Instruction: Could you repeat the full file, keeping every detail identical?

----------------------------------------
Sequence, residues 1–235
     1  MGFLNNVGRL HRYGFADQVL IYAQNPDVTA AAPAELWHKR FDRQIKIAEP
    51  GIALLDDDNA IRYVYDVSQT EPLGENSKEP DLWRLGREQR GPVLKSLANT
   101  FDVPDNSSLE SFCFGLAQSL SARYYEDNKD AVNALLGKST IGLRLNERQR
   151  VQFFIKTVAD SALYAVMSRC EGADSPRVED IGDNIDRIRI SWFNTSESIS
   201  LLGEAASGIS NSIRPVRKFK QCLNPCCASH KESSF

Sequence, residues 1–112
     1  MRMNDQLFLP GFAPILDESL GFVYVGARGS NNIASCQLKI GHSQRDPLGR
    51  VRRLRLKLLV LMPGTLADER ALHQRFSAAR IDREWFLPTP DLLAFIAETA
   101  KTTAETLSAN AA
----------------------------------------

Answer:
Sequence, residues 1–235
     1  MGFLNNVGRL HRYGFADQVL IYAQNPDVTA AAPAELWHKR FDRQIKIAEP
    51  GIALLDDDNA IRYVYDVSQT EPLGENSKEP DLWRLGREQR GPVLKSLANT
   101  FDVPDNSSLE SFCFGLAQSL SARYYEDNKD AVNALLGKST IGLRLNERQR
   151  VQFFIKTVAD SALYAVMSRC EGADSPRVED IGDNIDRIRI SWFNTSESIS
   201  LLGEAASGIS NSIRPVRKFK QCLNPCCASH KESSF

Sequence, residues 1–112
     1  MRMNDQLFLP GFAPILDESL GFVYVGARGS NNIASCQLKI GHSQRDPLGR
    51  VRRLRLKLLV LMPGTLADER ALHQRFSAAR IDREWFLPTP DLLAFIAETA
   101  KTTAETLSAN AA